Mr. Selfridge’s Philosophy is Timeless – And Still Valuable



Thanks to the PBS Masterpiece series Mr. Selfridge, viewers on both sides of the pond have been introduced to the world of retail marketing and merchandising innovator Harry Selfridge.

In 1909, Harry Gordon Selfridge launched his eponymous London department store Selfridges, which today is an iconic landmark.  The store revolutionized the shopping experience for British consumers, and observers credit it for helping to propel major societal changes in pre-World War II Britain.

The current Selfridges store pays homage to its namesake founder:

“Harry Selfridge was the first in the UK to allow customers to touch and interact directly with the store’s products and the first to sell a broad mix of inexpensive and extremely luxurious items under one roof.  Effectively, he wanted for every customer to feel welcome at his store.  He was also the only one to relentlessly use his store as a theatre, an exhibition space and a playground to delight customers with unexpected experiences.  Retail theatre was born.”

While the TV series is outstanding, I’ve especially enjoyed learning about the business philosophy that underpinned how Selfridge operated the store.  More than 100 years later, his breakthrough thinking remains spot-on and valuable to today’s marketing and business practitioners.

In 1918, Selfridge published The Romance of Commerce, in which he articulated his philosophy and explained his business ideas.

Photo: Adams Media

Photo: Adams Media

Last year, Adams Media released an abridged and updated version, from which I’ve selected and organized some of his timeless marketing and business ideas.

Take a few mid-summer reading minutes and soak-in the timeless wisdom of Harry Selfridge.



  • This ability, therefore, to organize, to breathe into others that fire of enthusiasm, that quality of judgment, that spirit of progress, has long been considered by thinking men of commerce as the final and greatest of all qualities, the test of supreme commercial genius.


Coaching, Motivation & Talent Development

  • To the wise managers of men encouragement more often than fault-finding brings the better service and loyalty, and anyone who has ever served in a minor capacity [any capacity!] knows that a well-earned “pat on the back” will make the blood flow faster and do more to cement the loyalty and determination to do continually better than any number of scantily earned reprimands.  The managers of staff must, therefore, find it as easy to say a pleasant thing as to reprove, and must know when to administer praise or blame.”

Selling, Brand Management & Innovation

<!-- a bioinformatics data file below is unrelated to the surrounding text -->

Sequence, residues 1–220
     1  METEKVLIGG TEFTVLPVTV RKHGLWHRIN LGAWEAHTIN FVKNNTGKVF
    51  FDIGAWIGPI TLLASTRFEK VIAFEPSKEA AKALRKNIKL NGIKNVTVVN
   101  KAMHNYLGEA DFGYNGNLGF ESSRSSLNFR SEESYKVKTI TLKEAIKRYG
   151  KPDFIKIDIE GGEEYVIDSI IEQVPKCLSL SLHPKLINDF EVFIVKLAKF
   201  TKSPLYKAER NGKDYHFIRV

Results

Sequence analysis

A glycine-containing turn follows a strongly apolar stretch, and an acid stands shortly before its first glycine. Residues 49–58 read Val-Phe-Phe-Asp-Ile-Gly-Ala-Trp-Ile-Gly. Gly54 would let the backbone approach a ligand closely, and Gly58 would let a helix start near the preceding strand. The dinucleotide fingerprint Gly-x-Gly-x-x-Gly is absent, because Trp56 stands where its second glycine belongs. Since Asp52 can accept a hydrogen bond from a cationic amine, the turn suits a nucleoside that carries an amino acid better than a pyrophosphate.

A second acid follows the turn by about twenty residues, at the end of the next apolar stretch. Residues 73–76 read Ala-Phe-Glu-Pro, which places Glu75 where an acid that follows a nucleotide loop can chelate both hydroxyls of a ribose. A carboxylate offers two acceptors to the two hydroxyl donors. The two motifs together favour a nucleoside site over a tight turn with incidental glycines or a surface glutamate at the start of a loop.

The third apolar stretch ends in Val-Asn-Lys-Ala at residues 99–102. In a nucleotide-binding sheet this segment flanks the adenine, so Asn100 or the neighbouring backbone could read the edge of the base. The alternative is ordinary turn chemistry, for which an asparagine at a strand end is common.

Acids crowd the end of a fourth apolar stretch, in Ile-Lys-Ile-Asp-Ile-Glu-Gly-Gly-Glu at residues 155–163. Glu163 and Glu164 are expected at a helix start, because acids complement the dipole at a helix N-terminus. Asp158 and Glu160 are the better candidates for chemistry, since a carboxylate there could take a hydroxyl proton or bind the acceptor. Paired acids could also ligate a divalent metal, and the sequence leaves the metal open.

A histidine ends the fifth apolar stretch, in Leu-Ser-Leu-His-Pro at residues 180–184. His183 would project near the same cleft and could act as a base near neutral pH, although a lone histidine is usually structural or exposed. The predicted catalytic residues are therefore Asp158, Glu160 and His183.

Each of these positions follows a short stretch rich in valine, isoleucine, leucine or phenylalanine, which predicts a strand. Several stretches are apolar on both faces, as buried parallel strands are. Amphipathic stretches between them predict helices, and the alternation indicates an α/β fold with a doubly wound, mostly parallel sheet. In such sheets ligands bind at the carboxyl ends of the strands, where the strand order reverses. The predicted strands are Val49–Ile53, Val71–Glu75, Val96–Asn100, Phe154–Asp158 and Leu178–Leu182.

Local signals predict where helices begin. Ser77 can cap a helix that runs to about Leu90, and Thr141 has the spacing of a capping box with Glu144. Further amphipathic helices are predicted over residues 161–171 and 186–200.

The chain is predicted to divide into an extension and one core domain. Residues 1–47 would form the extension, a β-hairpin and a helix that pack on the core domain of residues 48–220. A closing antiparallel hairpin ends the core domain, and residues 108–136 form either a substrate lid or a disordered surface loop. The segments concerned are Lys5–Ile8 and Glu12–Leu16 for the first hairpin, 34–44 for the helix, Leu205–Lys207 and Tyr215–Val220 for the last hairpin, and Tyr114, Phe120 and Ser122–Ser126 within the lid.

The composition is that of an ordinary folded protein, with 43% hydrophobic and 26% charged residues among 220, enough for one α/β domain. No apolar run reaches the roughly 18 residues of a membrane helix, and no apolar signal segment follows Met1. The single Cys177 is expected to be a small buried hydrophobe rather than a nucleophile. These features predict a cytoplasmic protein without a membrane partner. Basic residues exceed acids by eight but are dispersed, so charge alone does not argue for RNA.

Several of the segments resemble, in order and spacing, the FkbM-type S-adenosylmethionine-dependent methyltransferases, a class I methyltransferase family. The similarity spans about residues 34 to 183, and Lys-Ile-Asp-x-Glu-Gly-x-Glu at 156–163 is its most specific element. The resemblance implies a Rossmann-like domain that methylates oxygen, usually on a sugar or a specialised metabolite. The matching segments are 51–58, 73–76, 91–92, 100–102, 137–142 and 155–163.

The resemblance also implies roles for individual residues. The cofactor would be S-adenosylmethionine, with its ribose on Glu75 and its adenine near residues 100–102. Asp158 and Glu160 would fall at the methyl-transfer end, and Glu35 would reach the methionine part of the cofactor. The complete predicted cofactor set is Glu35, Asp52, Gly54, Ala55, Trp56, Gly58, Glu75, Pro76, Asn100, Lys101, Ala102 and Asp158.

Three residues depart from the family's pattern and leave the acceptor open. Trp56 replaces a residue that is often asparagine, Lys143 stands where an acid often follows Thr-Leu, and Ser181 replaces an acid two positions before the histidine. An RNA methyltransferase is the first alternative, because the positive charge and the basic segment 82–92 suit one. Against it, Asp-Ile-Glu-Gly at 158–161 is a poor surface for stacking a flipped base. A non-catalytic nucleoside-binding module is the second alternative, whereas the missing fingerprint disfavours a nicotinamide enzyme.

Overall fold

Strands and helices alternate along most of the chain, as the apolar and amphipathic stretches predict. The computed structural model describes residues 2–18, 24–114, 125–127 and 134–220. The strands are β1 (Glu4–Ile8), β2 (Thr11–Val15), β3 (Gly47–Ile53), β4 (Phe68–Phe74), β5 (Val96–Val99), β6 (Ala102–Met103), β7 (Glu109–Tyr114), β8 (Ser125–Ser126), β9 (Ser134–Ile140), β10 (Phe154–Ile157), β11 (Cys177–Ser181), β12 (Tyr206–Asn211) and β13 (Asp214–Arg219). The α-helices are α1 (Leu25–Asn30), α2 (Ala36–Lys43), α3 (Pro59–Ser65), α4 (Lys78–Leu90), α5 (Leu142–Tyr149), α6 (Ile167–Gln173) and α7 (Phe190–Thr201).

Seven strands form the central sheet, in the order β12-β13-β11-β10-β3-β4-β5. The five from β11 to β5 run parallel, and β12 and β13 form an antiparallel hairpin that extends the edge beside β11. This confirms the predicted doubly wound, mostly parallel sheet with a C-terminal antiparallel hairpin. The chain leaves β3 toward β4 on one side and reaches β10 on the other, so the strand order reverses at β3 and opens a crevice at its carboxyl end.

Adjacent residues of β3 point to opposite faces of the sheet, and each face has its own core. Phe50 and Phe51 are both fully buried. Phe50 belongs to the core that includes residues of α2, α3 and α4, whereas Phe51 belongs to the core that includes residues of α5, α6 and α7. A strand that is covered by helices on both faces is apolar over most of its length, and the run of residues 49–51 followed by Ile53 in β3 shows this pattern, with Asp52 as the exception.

• The selling of merchandise is the primary reason for existence of a distributing business.  Something new, something better must constantly be thought of, and the imagination of the sales manager must devise continually fresh schemes for the stimulus of sales.
  • (The Sales Manager) must put himself in the place of the public.  He must think from the standpoint of the customer.  He must dream out the ideal, allowing his thoughts to run wild, and then by bringing judgment and experience to his aid and discarding the impractical and useless, crystallize the thought into workableness.  Neither must he expect nor attempt to do all the thinking or imagining himself, but must be quick to receive and act on the suggestions of others, always giving them full credit for what they have proposed.

Say No to the “We’ve Always Done it This Way” Syndrome

  • To act always according to precedent is to acknowledge that one’s ability to think and judge is inferior to that of one’s grandfathers, and to assume with a blind stupidity that nothing is right which has not been accepted long ago.  Steps had to be taken once; they were taken, and as often as not proved to be errors of judgment.  No matter, the steps were taken, and right or wrong they are the only ones to be taken again.




On Being a General Manager

  • The head of the business must know at least in a general way the daily duties and the requirements of each of his lieutenants, though he need not necessarily be a master in each of the varied branches of effort.

Make Something Happen!

  • The chief requirements for management are judgment, promptness of action as opposed to procrastination, tact, and a mathematical mind.


You may know him as a PBS television character, but Harry Selfridge was an innovative, retail marketing pioneer.  More than 100 years after opening his iconic London store Selfridges, his ideas remain spot-on and valuable to today’s marketing and business practitioners.

Harvey Chimoff is a hands-on marketing leader and business-wide collaborator who builds marketing capabilities in B2B/B2C organizations that drive customer success.

3 thoughts on “Mr. Selfridge’s Philosophy is Timeless – And Still Valuable

  1. Reblogged this on The Armchair MBA and commented:
    Reblogging this short and piquant commentary by marketing maven and friend Harvey Chimoff – – demonstrating that there are some universal truths in good management – and illustrated by looking at the case of Harry Selfridge.


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